This post was originally published on LinkedIn.
Mylea Charvat, Ph.D. is the CEO & Founder at Savonix. Follow her on Twitter.

Last week, I was fortunate to be invited as a speaker at PluralSight LIVE, PluralSight’s first conference to bring together consumers, educators, corporate and technology executives and thought leaders to discuss the current trends in technology.

As part of the theme about the future of tech, I conducted a breakout session centered about the promises and perils of Digital Health. For those unfamiliar with PluralSight, it is an online education platform with thousands of courses geared toward IT, creative, business, and data science professionals.

Just as I aspire for Savonix to democratize cognitive assessments, PluralSight CEO Aaron Skonnard believes that his company can make learning tech ubiquitous. Most tellingly, during his keynote speech Aaron explained that “only technology can unlock better ways of learning technology”.

There were many intertwining themes of the conference such as solving solutions with tech, increasing tech education for everyone, and promoting diversity within organizations, with the overarching theme of preparing the world for the future.

The conference assembled a remarkable roster of speakers. As well as championing diversity on the demographic front, PluralSight LIVE demonstrated the wealth of information that can be garnered from people of different career paths and trajectories.

For example, Steve Young, former NFL MVP and now managing director HGGC, used his background and experience to support his major takeaways that “disruption is the new normal” and “change can’t happen fast enough”. We are at a time of innovation where updates, inventions, and tech tools are being reinvented constantly. So how do we keep up?

First, we need to discard protocols that are only in place because that’s how it’s always been done. Although there is merit to tradition in certain spheres, within the world of technology, tradition for tradition’s sake only serves to hinder progress. Thus, we have to find a way to more quickly evaluate ideas to determine their merits. Only then can we accept the discomfort that comes from abandoning technological artifacts.

One of my favorite talks came from Jeremy Johnson, CEO and co-founder of Andela, a global engineering organization that has its sights on nurturing the next great software developers. Johnson spoke about how the world is suffering from a human capital shortage, one that can be remedied by investing in tech education in Africa. At one point, he polled the audience: “How many of you think that every person has the potential to learn to code?” Only about a third of the audience raised our hands. Johnson framed this against a historical statistic: a few hundred years ago when only 10% of the world was literate, people believed that only about 30% of the world’s population could learn to read. We now know this to be patently false. Barring any pronounced cognitive disabilities, all humans can be taught to read and write. There’s only one thing inhibiting each and every person from being able to add to the tech community: access to education. With PluralSight and Andela working to grow the population of programming literate people in Africa and across the world, I look forward to the richly diverse creative, business and tech community of the future.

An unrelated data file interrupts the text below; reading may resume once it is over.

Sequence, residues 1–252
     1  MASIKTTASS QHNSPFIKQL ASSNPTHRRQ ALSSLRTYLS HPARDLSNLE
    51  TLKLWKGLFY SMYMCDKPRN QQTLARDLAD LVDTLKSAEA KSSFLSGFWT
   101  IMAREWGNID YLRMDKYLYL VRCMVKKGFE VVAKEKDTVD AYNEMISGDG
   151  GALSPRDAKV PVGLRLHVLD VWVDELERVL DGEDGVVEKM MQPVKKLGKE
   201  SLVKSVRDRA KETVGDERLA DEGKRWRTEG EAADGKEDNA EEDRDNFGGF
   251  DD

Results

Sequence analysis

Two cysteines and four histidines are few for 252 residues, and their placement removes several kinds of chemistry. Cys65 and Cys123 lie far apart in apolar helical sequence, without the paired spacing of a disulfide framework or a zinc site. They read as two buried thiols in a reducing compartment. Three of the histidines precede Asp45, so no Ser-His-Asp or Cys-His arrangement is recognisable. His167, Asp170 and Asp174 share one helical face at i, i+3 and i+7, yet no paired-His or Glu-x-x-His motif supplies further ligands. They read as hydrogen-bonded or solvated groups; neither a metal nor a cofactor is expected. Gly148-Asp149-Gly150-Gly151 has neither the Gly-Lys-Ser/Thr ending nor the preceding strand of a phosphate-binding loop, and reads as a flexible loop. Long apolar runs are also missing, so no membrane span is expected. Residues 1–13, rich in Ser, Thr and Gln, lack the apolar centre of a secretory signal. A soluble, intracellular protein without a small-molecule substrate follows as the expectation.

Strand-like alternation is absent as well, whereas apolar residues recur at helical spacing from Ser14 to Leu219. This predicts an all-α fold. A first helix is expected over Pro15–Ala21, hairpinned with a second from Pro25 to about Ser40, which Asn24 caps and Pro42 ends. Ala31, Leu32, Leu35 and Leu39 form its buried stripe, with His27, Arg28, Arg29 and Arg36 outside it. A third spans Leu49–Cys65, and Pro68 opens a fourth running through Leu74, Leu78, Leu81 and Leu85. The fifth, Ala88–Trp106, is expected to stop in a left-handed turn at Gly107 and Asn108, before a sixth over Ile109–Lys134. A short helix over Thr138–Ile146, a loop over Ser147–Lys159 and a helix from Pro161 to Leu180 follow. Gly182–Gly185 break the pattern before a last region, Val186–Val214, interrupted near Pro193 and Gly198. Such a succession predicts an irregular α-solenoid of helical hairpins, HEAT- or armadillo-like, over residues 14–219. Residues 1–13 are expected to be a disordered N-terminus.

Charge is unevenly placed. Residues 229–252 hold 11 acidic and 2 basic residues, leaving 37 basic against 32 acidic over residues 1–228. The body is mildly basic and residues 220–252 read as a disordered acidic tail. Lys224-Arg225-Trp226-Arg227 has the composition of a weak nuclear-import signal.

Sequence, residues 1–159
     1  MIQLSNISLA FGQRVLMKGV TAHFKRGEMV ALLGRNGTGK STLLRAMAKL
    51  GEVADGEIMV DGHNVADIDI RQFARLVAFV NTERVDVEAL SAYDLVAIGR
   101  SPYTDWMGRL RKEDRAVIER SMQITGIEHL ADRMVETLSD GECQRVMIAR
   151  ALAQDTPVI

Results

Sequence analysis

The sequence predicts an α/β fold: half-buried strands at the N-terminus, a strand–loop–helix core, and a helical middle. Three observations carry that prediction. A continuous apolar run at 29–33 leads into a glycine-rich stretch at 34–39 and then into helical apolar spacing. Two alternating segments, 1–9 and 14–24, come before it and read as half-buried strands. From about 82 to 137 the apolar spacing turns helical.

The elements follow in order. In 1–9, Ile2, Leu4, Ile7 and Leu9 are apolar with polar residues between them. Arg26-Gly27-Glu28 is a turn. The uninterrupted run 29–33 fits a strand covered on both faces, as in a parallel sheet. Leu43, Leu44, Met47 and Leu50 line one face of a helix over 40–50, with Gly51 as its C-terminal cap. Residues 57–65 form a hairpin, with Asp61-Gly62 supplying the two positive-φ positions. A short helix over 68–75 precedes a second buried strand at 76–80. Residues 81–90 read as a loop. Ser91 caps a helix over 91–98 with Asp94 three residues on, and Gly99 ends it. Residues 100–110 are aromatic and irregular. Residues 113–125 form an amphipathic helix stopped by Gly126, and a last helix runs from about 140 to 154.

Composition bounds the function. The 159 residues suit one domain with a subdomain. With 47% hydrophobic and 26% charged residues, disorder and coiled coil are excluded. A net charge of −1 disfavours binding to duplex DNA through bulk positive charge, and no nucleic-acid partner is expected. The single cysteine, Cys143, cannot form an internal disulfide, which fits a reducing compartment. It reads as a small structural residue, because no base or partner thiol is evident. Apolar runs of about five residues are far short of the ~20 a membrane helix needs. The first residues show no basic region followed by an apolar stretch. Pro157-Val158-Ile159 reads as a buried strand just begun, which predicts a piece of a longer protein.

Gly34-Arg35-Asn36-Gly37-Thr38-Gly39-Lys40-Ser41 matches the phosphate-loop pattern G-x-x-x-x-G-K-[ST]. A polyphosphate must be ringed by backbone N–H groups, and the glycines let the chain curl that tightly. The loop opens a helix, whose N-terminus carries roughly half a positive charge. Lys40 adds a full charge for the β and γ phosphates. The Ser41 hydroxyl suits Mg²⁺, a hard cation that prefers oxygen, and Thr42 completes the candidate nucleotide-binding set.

A major highlight from the conference was Aaron Skonnard’s interview with the captivating former First Lady Michelle Obama. A token to Obama’s grace is that she comes across as effortlessly approachable, something that is not easily done when sitting on a stage in front of 1500 applauding audience members.

From discussing moving into the White House to parenting her daughters, Obama was relatable in a way that few so examined by the public eye are able to achieve. She and Aaron had a great conversation about diversity and education, with many of Obama’s sentences punctuated by the crowd’s cheers.

One of her worries is that “children are going to fall by the wayside as the technology gap gets bigger.” She and Skonnard discussed how income inequality is only going to worsen as our economy, and therefore our job market, becomes increasingly reliant on tech literacy. Schools that cannot afford computers or internet will not be able to properly prepare their students for the real world. There is no obvious solution to the looming problem, besides the hope that computers will keep getting cheaper so that they're more affordable.

Skonnard also asked Obama’s opinion on how corporations can increase and promote diversity. Before the White House, Obama worked in the recruiting department of a prestigious law firm and she shared with the audience her insight from her time there. At the end of the day “people hire what they know,” she explained, “so diversity at the recruitment table is key because diversity begets diversity.”

Additionally, the ability to solve the problem of a lack of diversity is dependent on the awareness that comes from being part of the marginalized demographic. Obama put it more straightforwardly: “If a bunch of white guys are sitting around a table trying to figure out how to get women involved, you’re going to get the wrong answer. You have to make more room at the table. That’s a tough thing because that does mean sharing power.”

At the end of the day, it takes companies really wanting to make a change for anything to happen, but the diverse group of employees that comes as a result will always be worth it.

Once again, thank you to PluralSight and Aaron Skonnard for the invitation to your outstanding conference, and I look forward to next year’s PluralSight LIVE.